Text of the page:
Promoting sustainability and biodiversity at the Library

Collections - Posted 22-04-2022

The Library is surrounded by around 9 acres of grounds, which include lawn and formal garden, a craggy knoll which has been left over to natural vegetation, mainly stunted trees and gorse, and open fields, grazed by sheep. At the southernmost point of the site is a knoll which is not grazed and is covered in gorse and with some more mature trees. The site is an extremely exposed location, with open aspects to the sea exposing it to high winds and rain, and in the summer the harsh effects of the strong sun. Originally part of the Gogerddan Estate, there are a number of examples of the original planting such as mature Scots Pine still to be found.

The Library has been undertaking a long term plan to make its gardens more environmentally friendly and enhance the natural environment to encourage biodiversity in all parts of the site. The fields are let for grazing, whilst the two “knoll” areas are left to nature, with occasional management in relation to oversize trees.

Although the gardens surrounding the Library are required to contribute towards the impression of formality and compliment the Grade 2* listed status of the building, recent improvements to the gardens have included a long term vision to make them more sustainable and to encourage biodiversity.

The main actions that have been taken are:

  • Adopting sustainable gardening practices

The Library has stopped buying in annual bedding, instead all annual flowers have been grown from seed and are aimed at attracting pollinators. Echium, cornflower, ecsholtzia, cosmos and geranium are all part of the planting scheme.

Flowering perennials were bought in as plug plants and will be grown on for future years. There are also a number of areas that have been planted with heathers that give permanent ground cover and the range of varieties ensure that there is always something in flower at every time of the year. The planters at the front of the building, which are particularly exposed to extremes of dryness and heat, have been planted with lavender which can tolerate the harsh conditions. A number of areas in the front gardens have now been planted with flowering bulbs which are left in situ, rather than being replaced by summer bedding which had been the previous practice.

The gardens on the north side of the main steps have been cleared and replanted with a selection of low maintenance shrubs and perennials that are bee and insect friendly. The fence at the top of the garden has been planted with the rambling rose “Seagull” which is very attractive to bees.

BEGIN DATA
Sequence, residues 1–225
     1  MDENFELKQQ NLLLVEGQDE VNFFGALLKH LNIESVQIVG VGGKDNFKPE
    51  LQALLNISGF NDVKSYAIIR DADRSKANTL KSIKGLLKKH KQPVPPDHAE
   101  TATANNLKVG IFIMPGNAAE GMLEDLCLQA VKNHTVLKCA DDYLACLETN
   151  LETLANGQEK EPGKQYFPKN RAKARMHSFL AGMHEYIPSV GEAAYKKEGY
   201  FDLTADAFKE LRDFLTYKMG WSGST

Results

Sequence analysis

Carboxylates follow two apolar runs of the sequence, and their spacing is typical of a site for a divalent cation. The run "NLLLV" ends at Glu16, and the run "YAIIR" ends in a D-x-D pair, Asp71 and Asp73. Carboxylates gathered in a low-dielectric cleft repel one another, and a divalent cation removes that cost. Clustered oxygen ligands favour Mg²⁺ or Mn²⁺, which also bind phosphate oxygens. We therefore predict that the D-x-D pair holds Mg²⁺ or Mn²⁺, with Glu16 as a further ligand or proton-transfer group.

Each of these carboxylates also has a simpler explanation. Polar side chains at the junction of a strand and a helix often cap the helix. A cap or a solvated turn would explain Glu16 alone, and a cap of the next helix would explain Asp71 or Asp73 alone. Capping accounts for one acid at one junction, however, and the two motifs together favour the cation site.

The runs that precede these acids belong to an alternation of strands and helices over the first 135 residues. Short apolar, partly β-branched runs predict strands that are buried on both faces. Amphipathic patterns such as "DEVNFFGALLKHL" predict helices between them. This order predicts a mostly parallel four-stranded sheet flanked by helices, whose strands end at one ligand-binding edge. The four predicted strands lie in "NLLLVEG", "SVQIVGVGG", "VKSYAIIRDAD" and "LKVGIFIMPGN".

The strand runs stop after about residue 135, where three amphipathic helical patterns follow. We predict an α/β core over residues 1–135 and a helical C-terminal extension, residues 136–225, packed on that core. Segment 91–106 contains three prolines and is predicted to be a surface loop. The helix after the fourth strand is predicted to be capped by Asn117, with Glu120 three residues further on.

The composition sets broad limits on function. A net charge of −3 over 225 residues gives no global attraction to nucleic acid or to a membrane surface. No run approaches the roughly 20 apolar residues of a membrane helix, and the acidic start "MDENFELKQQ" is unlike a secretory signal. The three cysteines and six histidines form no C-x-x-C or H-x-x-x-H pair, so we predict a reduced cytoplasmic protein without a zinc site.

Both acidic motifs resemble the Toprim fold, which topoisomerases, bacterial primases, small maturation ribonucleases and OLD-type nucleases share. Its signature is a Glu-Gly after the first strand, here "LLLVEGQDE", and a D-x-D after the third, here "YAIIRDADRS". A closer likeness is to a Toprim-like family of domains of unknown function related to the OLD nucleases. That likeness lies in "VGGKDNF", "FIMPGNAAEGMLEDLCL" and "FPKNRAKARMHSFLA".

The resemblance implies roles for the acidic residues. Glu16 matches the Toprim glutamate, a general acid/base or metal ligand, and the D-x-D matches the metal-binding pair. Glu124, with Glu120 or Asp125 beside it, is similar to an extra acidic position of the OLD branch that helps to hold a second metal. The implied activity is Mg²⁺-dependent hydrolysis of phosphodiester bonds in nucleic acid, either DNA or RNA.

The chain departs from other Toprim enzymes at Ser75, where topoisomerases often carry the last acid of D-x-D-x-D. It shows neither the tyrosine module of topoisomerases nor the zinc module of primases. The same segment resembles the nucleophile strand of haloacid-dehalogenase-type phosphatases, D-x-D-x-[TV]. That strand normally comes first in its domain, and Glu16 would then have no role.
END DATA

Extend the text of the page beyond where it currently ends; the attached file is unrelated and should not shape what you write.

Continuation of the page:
• Carrying out environmental improvements

The Library’s car park has a hedgerow on the east and part of the south boundary, and a new hedgerow has been planted across the Library’s field to the east. On the northern boundary with the University fields and immediately surrounding the cark park the Library unstable and dangerous Leylandii was removed and the sterile conditions created by these conifers have been replaced with formal laurel trimmed bushes in the car park, and by native species such as crab apple and cherry trees on the northern boundary.

  • Being insect friendly

In the formal gardens around the Library we have consciously planted a number of insect friendly shrubs such as cotoneaster, hebe, fushia, buddleia, cotton lavender, artemesia and laurel, as well as allium, sedum, and hybrid roses.

The Library has also ceased to routinely use Pesticides and herbicides, only where absolutely necessary on an exception-only basis.

  • On-site composting

All garden waste is composted on site in three specially constructed compost bins. This compost is periodically removed and used as a mulch around the gardens.

Over the last few years the Library has made a great deal of effort to improve the condition, impact, and sustainability of the gardens immediately surrounding the building. The aim of these improvements has been to improve biodiversity, as well as to create a beautiful environment in which members of the public and Library staff can relax. In the next few years the planting will mature and it is hoped that the gardens will make a major contribution to wellbeing. The Library has started to involve the gardens within the Library’s volunteering scheme and hopes that this will offer unique opportunities to volunteers.

Comments are closed.




About this blog

A blog about the work and collections of the National Library of Wales.

Due to the more personal nature of blogs it is the Library's policy to publish postings in the original language only. An equal number of blog posts are published in both Welsh and English, but they are not the same postings. For a translation of the blog readers may wish to try facilities such as Google Translate.

About the blog